The Somme is a department of France, located in the north of the country and named after the Somme river. It is part of the Hauts-de-France region.
The north central area of the Somme was the site of a series of battles during the First World War. Particularly significant was the 1916 Battle of the Somme. As a result of this and other battles fought in the area the department is home to many military cemeteries and several major monuments commemorating the many soldiers from various countries who died on its battlefields. The 1346 Battle of Crécy, a major English victory early in the Hundred Years' War, also took place in this department.
Battles of the Somme
At the beginning of the First World War, during the Race to the Sea of September and November 1914, the Somme became the site of the Battle of Albert. The battle was a five-day engagement between 25 and 29 September, with the French Tenth Army attacking at Albert and pushing toward Bapaume, and the German Sixth Army counter-attacking back towards Albert. The line settled around the town of Thiepval and remained there until July 1916, when the Battle of the Somme was fought on and around the same ground.
That Battle of the Somme was one of the most costly battles of the First World War, by the number of troop casualties, as Allied forces attempted to break through the German lines along a 25-mile (40 km) front north and south of the River Somme. The Allies had originally intended the Somme to be the site of one of several simultaneous major offensives by Allied powers against the Central Powers in 1916. However, before these offensives could begin, the Germans attacked first, engaging the Allies at the Battle of Verdun. As this battle dragged on, the purpose of the Somme campaign (which was still in the planning stage) shifted from striking a decisive blow against Germany to drawing German forces away from Verdun and relieving the Allied forces there. By its end the losses on the Somme had exceeded those at Verdun.
While Verdun would bite deep in the national consciousness of France for generations, the Somme would have the same effect on generations of Britons. The battle is best remembered for its first day, 1 July 1916, on which the British suffered 57,420 casualties, including 19,240 dead—the bloodiest day in the history of the British Army to this day. As terrible as the battle was for the British Empire troops who suffered there, it naturally affected the other nationalities as well. One German officer, General D. Swaha, famously described it as "the muddy grave of the German field army". By the end of the battle, the British had learned many lessons in modern warfare while the Germans had suffered irreplaceable losses. British historian Sir James Edmonds stated, "It is not too much to claim that the foundations of the final victory on the Western Front were laid by the Somme offensive of 1916".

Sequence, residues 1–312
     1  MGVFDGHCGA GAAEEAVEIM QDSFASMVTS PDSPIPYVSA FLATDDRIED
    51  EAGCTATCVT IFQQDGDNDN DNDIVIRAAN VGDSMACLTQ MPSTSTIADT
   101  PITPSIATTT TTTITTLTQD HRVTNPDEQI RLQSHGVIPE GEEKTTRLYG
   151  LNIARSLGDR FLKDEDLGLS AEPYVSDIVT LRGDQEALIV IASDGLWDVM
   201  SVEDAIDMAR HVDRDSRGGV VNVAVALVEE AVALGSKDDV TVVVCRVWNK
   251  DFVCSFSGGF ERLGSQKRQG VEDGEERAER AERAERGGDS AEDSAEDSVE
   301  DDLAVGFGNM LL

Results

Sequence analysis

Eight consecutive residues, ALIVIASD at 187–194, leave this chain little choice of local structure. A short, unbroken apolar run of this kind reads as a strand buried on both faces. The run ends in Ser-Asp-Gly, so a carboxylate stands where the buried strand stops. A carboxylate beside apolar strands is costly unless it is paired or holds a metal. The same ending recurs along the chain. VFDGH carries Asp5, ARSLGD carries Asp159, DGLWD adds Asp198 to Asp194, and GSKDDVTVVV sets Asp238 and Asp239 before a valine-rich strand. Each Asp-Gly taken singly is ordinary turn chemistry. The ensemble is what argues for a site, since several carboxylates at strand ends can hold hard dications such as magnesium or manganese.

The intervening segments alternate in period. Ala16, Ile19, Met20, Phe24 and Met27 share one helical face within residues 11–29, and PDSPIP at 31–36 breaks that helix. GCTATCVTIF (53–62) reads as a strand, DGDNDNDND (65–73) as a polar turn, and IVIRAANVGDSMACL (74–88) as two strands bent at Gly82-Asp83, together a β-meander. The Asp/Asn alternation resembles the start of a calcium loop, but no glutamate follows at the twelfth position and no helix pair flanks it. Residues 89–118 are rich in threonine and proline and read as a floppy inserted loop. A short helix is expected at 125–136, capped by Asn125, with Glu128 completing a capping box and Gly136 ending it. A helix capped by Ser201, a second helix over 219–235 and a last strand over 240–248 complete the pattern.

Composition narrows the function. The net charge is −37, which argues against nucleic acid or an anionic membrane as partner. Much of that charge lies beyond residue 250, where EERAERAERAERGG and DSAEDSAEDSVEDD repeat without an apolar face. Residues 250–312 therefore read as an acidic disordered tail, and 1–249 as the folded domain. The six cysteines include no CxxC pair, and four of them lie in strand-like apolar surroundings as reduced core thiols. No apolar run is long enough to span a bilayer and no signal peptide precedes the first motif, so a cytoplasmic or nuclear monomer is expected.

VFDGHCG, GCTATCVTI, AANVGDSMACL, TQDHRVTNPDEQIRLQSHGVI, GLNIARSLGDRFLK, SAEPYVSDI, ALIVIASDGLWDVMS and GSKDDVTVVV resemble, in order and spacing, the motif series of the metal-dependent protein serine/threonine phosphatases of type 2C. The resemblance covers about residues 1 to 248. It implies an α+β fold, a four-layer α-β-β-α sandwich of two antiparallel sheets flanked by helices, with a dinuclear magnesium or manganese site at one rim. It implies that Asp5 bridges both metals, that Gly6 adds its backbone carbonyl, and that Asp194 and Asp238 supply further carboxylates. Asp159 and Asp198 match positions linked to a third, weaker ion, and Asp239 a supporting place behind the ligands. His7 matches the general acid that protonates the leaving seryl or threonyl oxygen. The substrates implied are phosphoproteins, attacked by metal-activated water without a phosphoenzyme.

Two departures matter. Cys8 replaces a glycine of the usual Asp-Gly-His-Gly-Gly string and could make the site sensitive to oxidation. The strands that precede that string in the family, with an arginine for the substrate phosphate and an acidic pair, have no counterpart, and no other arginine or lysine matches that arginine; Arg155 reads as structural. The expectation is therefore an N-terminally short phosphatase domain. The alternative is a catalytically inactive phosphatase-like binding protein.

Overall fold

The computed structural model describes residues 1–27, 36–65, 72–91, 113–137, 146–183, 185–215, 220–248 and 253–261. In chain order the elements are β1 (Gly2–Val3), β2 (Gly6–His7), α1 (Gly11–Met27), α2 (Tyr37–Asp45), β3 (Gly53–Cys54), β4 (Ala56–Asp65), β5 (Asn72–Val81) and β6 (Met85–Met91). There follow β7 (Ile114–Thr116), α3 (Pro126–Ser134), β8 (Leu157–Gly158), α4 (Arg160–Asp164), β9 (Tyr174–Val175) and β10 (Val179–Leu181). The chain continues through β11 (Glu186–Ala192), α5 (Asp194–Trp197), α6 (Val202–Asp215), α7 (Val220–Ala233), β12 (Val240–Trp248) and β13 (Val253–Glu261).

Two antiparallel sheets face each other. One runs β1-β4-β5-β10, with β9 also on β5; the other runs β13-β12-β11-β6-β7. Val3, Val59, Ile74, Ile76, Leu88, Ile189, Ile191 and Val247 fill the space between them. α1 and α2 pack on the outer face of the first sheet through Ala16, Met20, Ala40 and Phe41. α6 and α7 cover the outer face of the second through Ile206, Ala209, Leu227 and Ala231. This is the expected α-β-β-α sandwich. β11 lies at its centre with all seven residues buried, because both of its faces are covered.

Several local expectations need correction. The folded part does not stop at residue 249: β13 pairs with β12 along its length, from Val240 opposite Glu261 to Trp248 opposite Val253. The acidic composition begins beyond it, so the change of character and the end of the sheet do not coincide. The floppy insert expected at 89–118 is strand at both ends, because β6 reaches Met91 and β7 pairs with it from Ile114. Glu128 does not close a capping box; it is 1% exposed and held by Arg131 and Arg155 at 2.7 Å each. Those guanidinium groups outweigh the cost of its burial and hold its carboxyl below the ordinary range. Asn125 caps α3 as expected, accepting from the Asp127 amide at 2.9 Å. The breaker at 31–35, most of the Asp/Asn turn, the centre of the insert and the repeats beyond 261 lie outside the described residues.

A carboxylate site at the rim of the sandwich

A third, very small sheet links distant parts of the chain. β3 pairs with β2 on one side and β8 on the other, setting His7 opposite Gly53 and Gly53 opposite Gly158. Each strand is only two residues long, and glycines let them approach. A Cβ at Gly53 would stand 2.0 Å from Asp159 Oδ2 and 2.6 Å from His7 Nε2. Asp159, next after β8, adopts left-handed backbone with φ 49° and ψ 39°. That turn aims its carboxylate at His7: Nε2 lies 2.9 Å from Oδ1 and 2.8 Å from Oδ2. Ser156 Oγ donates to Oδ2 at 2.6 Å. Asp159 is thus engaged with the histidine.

For the first time the home front in Britain was exposed to the horrors of modern war with the release of the propaganda film The Battle of the Somme, which used actual footage from the first days of the battle. The Somme experienced war twice more in the First and Second Battles of the Somme of 1918.
References / notes
- Text on this page from Somme (department). Wikipedia: The free encyclopedia. Accessed 23 April, 2017.
Glossary of words and phrases
The above term is listed in our glossary of words and phrases of the Armed Forces of Great Britain during the Great War. Included are trench slang, service terms, expressions in everyday use, nicknames, the titles and origins of British and Commonwealth Regiments, and warfare in general. These words and phrases are contemporary to the war, which is reflected in the language used. They have been transcribed from three primary sources (see Contents). Feel free to expand upon and improve this content.
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